Going soft on drug possession won’t fix the problem

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BILL STEFANIAK lost a son to the effects of drug abuse. He finds it painfully hard to see any virtue in a move in the Legislative Assembly to decriminalise hard-drug possession…

NO parent expects to have to bury their child, but three years ago, on January 2, 2018, my 24-year-old son Jozef said what were to be his last goodbyes to my wife and me when we left for a holiday near Pambula.

Bill Stefaniak. Photo: Holly Treadaway

At about 6.10 the next morning, Joe’s older brother John appeared in our bedroom doorway to tell us Joe had been killed in a car accident about 12 hours earlier. 

His mate’s girlfriend had driven the car while high on the drug ice. At about 137km/h on Yarra Glen, she lost control of the car. Joe and his mate were the other passengers in the car. 

She was jailed for culpable driving and leaving the scene of an accident, and is due to be released on parole soon. Her time in prison has hopefully cured her drug addiction.

There are no safe drugs. Even basic cannabis can cause mental health problems and is far more likely to give the user lung cancer than cigarettes. Hydroponic cannabis is 20 times as strong as basic cannabis and causes significant mental health problems, as does heroin, cocaine, ice and other hard drugs.

Cannabis – thanks to MLA Michael Pettersson, the proponent of the new Bill decriminalising ice and other hard drug possession – is already legal to possess in small quantities. It is inconsistent with Commonwealth law. 

Mr Pettersson’s proposed new Bill will make it a basic infringement notice offence to possess small quantities of hard drugs. For example, a person can possess up to half a gram of ice and still only get an infringement notice of 1 penalty unit – less than a parking ticket.

Naturally, all the local mayors and the Police Association (AFPA) are ropable about this Bill. It also appears no-one appears to have been consulted. One might think the Labor backbencher would at least have consulted fully with the AFPA and the ACT branch of the AMA.

Naturally, ACT Labor and the Greens did not take this Bill to the local election, but it would have to have been ticked off in cabinet to have got this far.

The main rationale behind the Bill seems to be to stop anyone convicted of possession of a small quantity of these hard drugs to avoid the “stigma” of a conviction and also to direct the user to seek help from health professionals – a noble aim that can be achieved at present by a court – as regularly happens with drug offenders.

Young Mr Pettersson seems to think that there are hundreds of users out there who have gone to court (and possibly jail) for possession of small quantities of hard drugs. As a former prosecutor, defence counsel, ACT Attorney-General and Police minister who still occasionally goes to court these days as a solicitor, I can say this simply is not the case.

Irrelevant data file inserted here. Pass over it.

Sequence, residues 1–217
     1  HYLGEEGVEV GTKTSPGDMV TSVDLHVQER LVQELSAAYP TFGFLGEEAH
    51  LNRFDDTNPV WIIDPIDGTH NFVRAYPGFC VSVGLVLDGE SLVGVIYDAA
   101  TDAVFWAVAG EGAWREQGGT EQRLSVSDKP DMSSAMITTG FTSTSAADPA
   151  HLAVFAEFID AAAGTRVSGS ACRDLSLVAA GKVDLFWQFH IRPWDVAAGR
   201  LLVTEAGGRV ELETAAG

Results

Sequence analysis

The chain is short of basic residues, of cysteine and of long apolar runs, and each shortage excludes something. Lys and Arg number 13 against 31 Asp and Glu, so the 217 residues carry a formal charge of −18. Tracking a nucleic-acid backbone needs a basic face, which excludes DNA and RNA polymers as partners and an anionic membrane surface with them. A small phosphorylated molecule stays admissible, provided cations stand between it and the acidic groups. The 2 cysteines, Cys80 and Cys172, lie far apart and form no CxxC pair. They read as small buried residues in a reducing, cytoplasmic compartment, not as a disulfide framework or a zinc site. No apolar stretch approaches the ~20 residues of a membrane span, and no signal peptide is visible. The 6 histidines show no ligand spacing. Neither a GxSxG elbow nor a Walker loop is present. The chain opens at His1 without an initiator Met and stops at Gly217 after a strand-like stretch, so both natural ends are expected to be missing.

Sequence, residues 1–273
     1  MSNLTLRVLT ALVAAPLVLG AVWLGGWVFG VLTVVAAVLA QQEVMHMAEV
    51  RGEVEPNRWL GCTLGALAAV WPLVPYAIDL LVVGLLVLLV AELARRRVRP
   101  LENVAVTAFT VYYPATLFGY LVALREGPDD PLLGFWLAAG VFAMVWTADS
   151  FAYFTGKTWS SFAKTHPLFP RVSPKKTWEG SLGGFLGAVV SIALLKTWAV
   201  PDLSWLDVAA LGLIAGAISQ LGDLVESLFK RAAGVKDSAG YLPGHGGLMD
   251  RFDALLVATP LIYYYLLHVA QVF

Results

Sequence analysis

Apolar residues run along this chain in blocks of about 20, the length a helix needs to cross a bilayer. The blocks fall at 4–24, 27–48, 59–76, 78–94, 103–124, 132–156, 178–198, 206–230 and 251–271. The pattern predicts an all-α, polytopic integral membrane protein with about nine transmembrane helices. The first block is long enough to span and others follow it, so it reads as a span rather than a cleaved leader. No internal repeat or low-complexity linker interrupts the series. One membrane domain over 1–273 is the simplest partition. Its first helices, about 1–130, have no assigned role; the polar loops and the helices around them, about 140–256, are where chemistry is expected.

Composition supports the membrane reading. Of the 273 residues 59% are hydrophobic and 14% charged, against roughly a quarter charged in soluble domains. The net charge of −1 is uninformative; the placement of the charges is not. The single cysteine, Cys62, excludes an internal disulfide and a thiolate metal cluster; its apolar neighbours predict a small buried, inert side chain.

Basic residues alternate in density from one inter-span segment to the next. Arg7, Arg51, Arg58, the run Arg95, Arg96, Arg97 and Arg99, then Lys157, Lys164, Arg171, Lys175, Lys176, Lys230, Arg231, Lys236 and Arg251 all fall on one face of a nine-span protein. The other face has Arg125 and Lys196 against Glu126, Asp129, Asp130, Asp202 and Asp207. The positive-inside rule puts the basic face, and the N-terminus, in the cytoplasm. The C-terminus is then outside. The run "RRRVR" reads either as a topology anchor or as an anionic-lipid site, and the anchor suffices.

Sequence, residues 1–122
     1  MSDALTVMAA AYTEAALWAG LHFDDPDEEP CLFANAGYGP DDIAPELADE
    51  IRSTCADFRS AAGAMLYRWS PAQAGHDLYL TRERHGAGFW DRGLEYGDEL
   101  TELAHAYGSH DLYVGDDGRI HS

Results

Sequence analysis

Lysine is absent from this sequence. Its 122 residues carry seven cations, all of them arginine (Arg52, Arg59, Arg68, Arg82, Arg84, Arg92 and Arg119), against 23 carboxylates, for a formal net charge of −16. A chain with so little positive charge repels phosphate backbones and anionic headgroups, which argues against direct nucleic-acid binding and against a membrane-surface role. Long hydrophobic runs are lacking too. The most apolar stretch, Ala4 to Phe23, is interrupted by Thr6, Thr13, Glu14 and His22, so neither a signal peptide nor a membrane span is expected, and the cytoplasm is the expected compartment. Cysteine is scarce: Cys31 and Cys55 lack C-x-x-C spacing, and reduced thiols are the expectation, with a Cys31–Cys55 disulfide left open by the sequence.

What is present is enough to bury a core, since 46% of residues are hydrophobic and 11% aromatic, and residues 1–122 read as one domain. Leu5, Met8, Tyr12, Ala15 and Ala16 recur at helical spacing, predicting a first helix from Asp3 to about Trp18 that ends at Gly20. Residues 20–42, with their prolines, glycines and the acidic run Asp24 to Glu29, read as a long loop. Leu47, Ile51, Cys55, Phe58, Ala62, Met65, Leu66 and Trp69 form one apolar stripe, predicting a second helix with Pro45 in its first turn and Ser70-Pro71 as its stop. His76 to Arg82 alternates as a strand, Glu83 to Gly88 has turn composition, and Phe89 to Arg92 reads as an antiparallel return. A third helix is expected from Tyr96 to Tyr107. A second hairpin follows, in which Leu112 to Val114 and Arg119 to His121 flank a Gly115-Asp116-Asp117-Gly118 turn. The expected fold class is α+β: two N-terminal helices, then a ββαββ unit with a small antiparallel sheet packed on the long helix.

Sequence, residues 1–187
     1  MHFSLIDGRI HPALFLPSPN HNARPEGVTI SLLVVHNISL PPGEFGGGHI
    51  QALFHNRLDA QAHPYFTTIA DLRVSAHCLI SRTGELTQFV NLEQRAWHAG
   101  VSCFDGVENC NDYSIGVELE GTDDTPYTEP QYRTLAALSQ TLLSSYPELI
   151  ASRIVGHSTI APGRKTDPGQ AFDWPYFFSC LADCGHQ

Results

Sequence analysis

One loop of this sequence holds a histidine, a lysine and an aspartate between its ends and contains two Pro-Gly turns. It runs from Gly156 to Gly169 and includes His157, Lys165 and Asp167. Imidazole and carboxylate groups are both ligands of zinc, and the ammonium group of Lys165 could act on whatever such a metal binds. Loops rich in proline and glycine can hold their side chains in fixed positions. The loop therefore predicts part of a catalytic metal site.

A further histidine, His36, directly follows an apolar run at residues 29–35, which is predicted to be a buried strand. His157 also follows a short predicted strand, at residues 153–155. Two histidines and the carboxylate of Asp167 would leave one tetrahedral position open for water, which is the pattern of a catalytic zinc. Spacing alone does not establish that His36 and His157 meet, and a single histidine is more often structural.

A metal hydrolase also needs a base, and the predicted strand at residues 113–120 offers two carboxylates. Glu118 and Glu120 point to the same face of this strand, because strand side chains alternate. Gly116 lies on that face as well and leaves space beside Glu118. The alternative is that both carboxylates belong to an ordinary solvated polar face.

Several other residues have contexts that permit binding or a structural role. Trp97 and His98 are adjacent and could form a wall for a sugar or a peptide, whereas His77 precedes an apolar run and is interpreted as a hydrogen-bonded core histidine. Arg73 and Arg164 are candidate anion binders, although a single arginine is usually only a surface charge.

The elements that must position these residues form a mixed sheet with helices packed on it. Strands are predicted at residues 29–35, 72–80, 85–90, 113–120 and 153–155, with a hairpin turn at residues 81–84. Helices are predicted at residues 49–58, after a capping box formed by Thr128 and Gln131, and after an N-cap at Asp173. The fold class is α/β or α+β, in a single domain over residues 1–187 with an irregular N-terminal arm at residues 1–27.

Indeed, I struggle to think of anyone in the last 20 years in Canberra who would have been jailed just for possessing a small quantity of hard drugs alone. Maybe Mr Pettersson should supply court figures for the last 10 years on this point.

I also presided between 2009 and 2016 over many mental-health cases as a presidential member of ACAT and, sadly, a good many of our clients had their mental-health problems worsened by taking hard drugs such as heroin and ice. I’d say probably as many as half the people who appeared before me fitted into this category.

Ice especially is a particularly nasty drug. The AFPA said on radio 2CC recently that under Mr Pettersson’s Bill possession of even half a gram is enough for 10 hits which would put the average user into a bender for several days.

It’s the police, ambos and first responders who will bear the brunt of Mr Pettersson’s folly. He and his government colleagues will not be the ones who have their faces punched in by ice users on benders. 

Any benefits from his Bill can and do already happen (the rehab etcetera). All Bills like this do is tell vulnerable young people it’s okay to use hard drugs. Bills like this trivialise the problem.

We in the ACT and in Australia have not tried the one potential solution that should be obvious to us .

The extensive national advertising that accompanied the campaign against AIDS in the 1980s and the successful blanket campaigns against smoking over the years (including the great indigenous messages by Winnunga that are currently streaming ) should be tried.

Blanket advertisements showing how dumb it is using hard drugs and messages in our schools may well have a great effect in turning young people off usage. A potential answer is staring us in the face. 

Maybe if young Michael changed tack and withdrew this stupid Bill and replaced it with a well thought out blitz advertising campaign led by the ACT we would most likely gain a lot of support and respect from our local region and be seen as leaders and not a bunch of decadent trendies living in a Canberra dream world introducing schemes that stuff up further the lives of our fellow Australians across the border

Nothing will bring my son Joe back, but my wife Shirley, his brother and sisters and I would love to see fewer people take hard drugs so more parents can be spared the pain we have felt at losing our son.

Bill Stefaniak is a former Liberal ACT opposition leader.

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